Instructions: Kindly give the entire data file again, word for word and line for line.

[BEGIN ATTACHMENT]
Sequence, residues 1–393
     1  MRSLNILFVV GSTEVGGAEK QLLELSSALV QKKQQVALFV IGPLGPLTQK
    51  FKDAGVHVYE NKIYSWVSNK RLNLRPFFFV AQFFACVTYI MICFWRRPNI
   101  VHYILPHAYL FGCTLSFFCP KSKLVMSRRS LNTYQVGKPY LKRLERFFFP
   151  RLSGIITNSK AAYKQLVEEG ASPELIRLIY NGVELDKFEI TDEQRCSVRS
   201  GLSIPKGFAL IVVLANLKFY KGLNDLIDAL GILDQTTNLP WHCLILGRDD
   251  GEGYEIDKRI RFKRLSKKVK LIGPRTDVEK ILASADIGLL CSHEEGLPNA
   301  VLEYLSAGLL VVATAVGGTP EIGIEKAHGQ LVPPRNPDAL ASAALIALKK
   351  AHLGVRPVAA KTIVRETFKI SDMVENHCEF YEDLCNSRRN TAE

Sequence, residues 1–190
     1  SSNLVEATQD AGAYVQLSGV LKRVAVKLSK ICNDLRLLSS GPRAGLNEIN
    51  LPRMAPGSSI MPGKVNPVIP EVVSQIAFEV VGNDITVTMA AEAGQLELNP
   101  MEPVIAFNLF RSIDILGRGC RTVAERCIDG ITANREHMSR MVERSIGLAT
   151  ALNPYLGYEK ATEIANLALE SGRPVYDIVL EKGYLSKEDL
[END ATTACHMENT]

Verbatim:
Sequence, residues 1–393
     1  MRSLNILFVV GSTEVGGAEK QLLELSSALV QKKQQVALFV IGPLGPLTQK
    51  FKDAGVHVYE NKIYSWVSNK RLNLRPFFFV AQFFACVTYI MICFWRRPNI
   101  VHYILPHAYL FGCTLSFFCP KSKLVMSRRS LNTYQVGKPY LKRLERFFFP
   151  RLSGIITNSK AAYKQLVEEG ASPELIRLIY NGVELDKFEI TDEQRCSVRS
   201  GLSIPKGFAL IVVLANLKFY KGLNDLIDAL GILDQTTNLP WHCLILGRDD
   251  GEGYEIDKRI RFKRLSKKVK LIGPRTDVEK ILASADIGLL CSHEEGLPNA
   301  VLEYLSAGLL VVATAVGGTP EIGIEKAHGQ LVPPRNPDAL ASAALIALKK
   351  AHLGVRPVAA KTIVRETFKI SDMVENHCEF YEDLCNSRRN TAE

Sequence, residues 1–190
     1  SSNLVEATQD AGAYVQLSGV LKRVAVKLSK ICNDLRLLSS GPRAGLNEIN
    51  LPRMAPGSSI MPGKVNPVIP EVVSQIAFEV VGNDITVTMA AEAGQLELNP
   101  MEPVIAFNLF RSIDILGRGC RTVAERCIDG ITANREHMSR MVERSIGLAT
   151  ALNPYLGYEK ATEIANLALE SGRPVYDIVL EKGYLSKEDL